– Author uknown
By energy I mean how you feel physically and there are three ways to raise it sustainably: sleep, exercise and nutrition. These seem to be somewhat universal for everyone. When you haven't gotten enough sleep and don't feel great physically, it is tough to start something new or to continue a project after a setback. Run, swim, play, rest, compete, trek, walk, dance, sing, go on a date - whatever does it for you.

Now, figuring out your emotional formula will be unique for each person, and you need to experiment until you understand what works for you. What is it that makes you want to jump to working on your craft as soon as possible? Seeing your favourite writer speak? After completing a course? Hanging out with your colleagues who are going through similar stages? Spending a weekend in nature? Watching a documentary about someone you admire or simply seeing a beautifully-shot film by Christopher Doyle (one of my favourites!)? Or are you finding yourself thinking that since you're now past 30 - you need to stick to the path you chose earlier, but then you read an article about Samuel L. Jackson getting his big break in acting at the age of 43(!), go on to reading his biography only to find out that he was going through the similar emotions, but kept on moving and now, feeling inspired, you jump back to your project without even finishing the book?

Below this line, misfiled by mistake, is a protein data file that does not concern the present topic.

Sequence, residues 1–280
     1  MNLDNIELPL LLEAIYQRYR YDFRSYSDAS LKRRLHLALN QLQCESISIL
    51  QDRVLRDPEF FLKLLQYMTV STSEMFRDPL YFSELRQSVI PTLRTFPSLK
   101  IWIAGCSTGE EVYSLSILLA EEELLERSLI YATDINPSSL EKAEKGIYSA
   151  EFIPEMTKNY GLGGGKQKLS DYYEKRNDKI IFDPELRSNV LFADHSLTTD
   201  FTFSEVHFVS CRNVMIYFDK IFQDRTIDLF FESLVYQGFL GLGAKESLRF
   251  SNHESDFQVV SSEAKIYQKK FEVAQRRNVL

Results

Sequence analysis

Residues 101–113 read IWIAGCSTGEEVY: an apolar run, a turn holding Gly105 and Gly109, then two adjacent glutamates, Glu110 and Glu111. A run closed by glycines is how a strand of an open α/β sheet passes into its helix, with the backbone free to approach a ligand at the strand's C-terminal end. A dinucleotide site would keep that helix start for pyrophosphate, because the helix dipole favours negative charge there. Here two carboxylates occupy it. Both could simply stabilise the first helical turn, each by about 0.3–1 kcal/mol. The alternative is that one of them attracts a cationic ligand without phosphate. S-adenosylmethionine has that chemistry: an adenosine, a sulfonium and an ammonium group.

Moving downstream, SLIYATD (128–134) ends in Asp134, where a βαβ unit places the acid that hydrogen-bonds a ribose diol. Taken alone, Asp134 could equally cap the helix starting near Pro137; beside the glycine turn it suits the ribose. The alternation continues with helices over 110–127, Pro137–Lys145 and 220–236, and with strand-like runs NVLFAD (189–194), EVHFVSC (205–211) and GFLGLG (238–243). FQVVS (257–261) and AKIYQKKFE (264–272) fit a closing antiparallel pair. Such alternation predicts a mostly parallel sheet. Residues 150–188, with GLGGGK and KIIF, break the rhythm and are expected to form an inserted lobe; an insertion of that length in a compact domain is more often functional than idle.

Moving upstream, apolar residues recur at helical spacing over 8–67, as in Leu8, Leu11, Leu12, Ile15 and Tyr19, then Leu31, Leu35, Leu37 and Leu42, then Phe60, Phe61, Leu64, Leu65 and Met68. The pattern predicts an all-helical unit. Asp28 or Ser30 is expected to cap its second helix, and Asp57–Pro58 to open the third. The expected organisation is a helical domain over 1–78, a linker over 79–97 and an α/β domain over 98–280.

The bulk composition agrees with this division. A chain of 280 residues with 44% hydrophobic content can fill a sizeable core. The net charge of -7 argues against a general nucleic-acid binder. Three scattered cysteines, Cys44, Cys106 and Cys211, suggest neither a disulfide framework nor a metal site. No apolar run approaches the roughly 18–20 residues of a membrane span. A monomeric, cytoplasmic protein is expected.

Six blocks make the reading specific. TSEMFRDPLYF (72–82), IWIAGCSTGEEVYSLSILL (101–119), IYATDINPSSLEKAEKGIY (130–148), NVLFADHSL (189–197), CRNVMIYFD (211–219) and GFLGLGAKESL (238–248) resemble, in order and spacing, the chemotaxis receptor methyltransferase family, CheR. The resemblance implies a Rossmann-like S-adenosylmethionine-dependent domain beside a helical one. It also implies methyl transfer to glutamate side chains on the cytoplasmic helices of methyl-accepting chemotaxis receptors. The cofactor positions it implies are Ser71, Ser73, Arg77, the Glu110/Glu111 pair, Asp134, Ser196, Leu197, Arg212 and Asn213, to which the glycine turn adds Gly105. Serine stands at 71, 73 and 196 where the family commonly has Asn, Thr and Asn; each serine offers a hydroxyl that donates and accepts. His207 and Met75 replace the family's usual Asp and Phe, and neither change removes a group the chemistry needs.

Over time, I realised that the following help me climb out of "I'm feeling kind of empty" zone:

  • a biography of a successful creative person who went through similar to me periods;
  • a biographical documentary of the same subject;
  • visiting an exhibition;
  • sitting in on a lecture or seminar;